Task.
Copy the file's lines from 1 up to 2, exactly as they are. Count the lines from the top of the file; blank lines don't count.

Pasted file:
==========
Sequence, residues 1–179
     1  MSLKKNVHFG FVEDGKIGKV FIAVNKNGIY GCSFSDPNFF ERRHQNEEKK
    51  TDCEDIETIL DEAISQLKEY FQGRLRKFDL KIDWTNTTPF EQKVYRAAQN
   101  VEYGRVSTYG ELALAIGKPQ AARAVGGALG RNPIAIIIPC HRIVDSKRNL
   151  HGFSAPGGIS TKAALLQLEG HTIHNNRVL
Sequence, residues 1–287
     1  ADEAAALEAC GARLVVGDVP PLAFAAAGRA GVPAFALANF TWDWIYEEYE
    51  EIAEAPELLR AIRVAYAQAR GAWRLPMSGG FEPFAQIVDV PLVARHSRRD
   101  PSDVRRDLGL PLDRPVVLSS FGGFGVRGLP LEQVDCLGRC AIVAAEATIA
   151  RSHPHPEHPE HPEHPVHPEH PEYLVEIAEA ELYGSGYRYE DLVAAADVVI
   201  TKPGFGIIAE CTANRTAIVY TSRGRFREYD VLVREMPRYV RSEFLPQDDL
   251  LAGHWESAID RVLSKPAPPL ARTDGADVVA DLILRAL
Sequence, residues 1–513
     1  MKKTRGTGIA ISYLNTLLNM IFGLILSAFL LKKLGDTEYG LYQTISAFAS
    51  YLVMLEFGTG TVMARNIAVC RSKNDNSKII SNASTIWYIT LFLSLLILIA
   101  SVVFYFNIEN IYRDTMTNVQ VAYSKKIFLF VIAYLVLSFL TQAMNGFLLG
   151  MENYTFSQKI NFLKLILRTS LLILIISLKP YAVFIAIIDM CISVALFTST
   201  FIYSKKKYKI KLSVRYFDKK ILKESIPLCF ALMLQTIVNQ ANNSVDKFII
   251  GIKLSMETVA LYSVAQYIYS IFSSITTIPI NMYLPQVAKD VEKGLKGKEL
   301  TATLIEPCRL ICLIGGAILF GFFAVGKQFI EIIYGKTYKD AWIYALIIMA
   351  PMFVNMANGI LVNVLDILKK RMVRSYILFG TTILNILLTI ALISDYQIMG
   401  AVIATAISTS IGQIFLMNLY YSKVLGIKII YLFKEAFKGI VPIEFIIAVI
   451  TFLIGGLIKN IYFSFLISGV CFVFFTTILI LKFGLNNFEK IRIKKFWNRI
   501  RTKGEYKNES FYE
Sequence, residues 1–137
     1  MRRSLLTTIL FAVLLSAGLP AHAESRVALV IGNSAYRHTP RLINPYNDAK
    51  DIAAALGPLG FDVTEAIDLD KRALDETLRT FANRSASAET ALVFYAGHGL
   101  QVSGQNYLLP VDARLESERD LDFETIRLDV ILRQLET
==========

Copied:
Sequence, residues 1–179
     1  MSLKKNVHFG FVEDGKIGKV FIAVNKNGIY GCSFSDPNFF ERRHQNEEKK